When Google started raising money in 1998, Sergey Brin and Larry Page didn’t have a revenue model — or at least that’s how the story goes. The company’s highly successful text ad program didn’t start until 2000, but Brin and Page may have had at least some idea of how to monetize the service by the time Sun co-founder Andy Bechtolsheim gave them their check. They did, after all, sign their partnership with Yahoo before AdWords launched.
I don’t remember how common it was for startups to launch without at least an unrealistic revenue model back in the dot.com boom — I mean, most of these companies were at least trying to sell banner ads. Anyway, Google has become the poster child for developing a user base first and worrying about monetization later. Twitter’s probably the visible example of a company following this example.
If investors want to back a company with no revenue model that’s their prerogative. But is it fair to customers? I’ve cited before frequent TechCrunch commenter Edward Borasky‘s assertion that users ought to know what a company’s business model is before they sign-up.
I agree. As I’ve said that doesn’t protect a customer against pivots and acquisitions. Still, it’s a good start.
The cliche goes, if you’re not being sold a product, you are the product. I think that’s a little harsh. You can also think of a transaction with a free site as paying with your attention, or paying by allowing your behavior to be tracked and data mined. Maybe it’s worth it to receive a particular service, but you should at least have the right to know what you’re paying.
So I was excited to stumble across the site How Do They Make Money, even though it’s deeply flawed. The interface is annoying, it’s limited to well known services and the information is shallow and in some cases may be out dated. There’s also the inherent limitation that the only things we can only know about a company’s revenue model is what they choose to release (unless it’s a public company), and we only know so much about what third party ad networks and other partners are doing with our data.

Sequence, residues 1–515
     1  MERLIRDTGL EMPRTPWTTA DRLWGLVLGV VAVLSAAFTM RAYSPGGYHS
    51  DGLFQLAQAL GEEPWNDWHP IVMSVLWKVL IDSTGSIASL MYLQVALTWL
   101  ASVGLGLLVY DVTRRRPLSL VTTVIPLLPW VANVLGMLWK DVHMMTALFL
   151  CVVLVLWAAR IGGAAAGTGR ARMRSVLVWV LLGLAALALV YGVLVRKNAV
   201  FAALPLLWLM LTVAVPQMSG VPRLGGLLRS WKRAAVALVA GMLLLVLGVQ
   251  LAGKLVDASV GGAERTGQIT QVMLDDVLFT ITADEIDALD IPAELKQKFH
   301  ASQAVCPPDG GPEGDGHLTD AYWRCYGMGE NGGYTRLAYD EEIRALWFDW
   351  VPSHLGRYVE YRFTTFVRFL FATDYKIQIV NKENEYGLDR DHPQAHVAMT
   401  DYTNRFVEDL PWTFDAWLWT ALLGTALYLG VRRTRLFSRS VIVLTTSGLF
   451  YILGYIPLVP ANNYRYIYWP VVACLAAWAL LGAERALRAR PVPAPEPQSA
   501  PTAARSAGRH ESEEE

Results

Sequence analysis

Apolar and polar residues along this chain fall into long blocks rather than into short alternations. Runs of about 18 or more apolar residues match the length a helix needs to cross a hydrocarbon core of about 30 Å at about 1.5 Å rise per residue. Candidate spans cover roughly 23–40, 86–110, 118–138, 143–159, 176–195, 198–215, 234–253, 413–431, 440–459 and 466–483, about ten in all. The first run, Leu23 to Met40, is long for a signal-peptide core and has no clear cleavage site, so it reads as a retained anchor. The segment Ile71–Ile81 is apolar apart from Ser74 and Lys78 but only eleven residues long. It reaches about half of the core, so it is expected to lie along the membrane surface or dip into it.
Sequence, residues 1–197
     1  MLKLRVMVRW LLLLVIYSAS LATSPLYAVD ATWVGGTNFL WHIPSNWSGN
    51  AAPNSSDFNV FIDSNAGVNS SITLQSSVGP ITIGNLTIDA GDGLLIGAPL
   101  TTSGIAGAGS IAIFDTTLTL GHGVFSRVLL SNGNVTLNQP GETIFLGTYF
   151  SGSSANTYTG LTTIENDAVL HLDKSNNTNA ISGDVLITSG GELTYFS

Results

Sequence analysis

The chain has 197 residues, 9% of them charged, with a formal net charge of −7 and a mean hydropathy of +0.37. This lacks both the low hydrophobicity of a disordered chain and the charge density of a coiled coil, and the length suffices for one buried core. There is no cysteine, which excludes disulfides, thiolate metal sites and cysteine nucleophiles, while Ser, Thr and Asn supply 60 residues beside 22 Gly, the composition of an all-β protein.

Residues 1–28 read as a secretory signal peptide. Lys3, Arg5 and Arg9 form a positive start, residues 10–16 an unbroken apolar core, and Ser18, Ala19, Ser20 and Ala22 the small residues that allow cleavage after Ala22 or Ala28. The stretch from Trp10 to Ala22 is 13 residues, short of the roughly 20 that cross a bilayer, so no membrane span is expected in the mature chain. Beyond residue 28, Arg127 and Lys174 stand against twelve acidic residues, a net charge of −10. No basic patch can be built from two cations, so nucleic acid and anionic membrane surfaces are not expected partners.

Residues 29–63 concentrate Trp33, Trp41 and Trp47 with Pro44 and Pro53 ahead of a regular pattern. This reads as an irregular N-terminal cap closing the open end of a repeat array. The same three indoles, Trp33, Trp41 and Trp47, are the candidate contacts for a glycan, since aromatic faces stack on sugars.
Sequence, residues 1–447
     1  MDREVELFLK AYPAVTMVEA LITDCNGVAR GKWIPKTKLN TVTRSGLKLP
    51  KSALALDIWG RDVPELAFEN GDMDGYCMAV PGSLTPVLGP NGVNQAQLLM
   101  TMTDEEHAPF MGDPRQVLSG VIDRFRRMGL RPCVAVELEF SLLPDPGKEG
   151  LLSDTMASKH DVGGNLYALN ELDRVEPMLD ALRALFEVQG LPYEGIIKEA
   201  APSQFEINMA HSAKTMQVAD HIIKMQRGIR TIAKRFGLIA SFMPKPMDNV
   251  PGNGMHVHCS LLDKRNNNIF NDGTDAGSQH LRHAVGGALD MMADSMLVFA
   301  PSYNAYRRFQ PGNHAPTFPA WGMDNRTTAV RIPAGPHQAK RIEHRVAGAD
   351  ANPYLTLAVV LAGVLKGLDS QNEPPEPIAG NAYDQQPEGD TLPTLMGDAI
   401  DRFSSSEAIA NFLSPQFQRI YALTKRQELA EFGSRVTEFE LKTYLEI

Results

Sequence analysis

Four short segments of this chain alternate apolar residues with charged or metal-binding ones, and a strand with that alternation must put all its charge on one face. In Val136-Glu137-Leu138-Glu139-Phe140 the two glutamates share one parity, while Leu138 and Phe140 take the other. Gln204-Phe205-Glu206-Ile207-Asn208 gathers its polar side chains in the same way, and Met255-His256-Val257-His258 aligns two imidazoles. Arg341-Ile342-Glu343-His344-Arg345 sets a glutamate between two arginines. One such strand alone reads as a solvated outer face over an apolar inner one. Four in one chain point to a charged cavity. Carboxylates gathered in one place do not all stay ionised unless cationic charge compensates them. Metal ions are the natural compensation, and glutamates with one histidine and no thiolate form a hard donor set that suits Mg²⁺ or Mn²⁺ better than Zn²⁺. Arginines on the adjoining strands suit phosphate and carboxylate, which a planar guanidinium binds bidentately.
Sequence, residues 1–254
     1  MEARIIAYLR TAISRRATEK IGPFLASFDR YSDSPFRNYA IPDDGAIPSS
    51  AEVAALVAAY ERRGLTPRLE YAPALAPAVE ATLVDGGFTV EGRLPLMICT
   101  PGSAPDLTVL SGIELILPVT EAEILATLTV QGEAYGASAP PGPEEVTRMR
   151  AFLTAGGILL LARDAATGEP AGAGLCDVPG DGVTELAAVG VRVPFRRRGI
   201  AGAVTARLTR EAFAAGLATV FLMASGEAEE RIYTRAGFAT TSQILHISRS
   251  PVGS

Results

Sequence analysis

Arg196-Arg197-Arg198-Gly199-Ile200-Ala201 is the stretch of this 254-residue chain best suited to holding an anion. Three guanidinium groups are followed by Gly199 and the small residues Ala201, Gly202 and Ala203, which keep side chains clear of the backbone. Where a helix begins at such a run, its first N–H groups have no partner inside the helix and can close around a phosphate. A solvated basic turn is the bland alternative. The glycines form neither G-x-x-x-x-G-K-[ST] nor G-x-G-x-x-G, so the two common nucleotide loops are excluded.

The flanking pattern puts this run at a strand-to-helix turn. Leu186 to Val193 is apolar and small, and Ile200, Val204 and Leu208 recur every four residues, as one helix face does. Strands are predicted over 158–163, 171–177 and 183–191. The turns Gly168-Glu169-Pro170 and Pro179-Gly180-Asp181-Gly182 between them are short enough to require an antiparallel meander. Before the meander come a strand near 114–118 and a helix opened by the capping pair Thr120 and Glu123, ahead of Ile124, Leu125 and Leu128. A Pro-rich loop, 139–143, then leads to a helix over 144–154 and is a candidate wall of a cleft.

But it has potential. For example, the site actually breaks down different Google sites, which is a great reminder that although Google makes gobs of money off its search ads, not all of its services necessarily make money. You can filter by business model — so far only LinkedIn is listed as “selling data” (note: you don’t necessarily need to “sell data” when you own your own ad network, like Google, Facebook and TechCruch owner AOL).
It reminds me of TOS-DR, the terms of service demystification and watchdog site I wrote about a couple months ago. It would be great to see TOS-DR start adding some revenue model information into the mix, though they’ve already got a lot on their plates (oh, they’re raising money right now if you’d care to donate).
I saw a suggestion somewhere that these sites should be turned into browser extensions. A TOS-DR one would be really useful. But unfortunately not that many people use extensions. However, Firefox has been tying to stay relevant and has also been pushing the privacy angle. Perhaps Mozilla should consider shipping something like a TOS-DR/How Do They Make Money mashup plugin with Firefox, along with other privacy tools.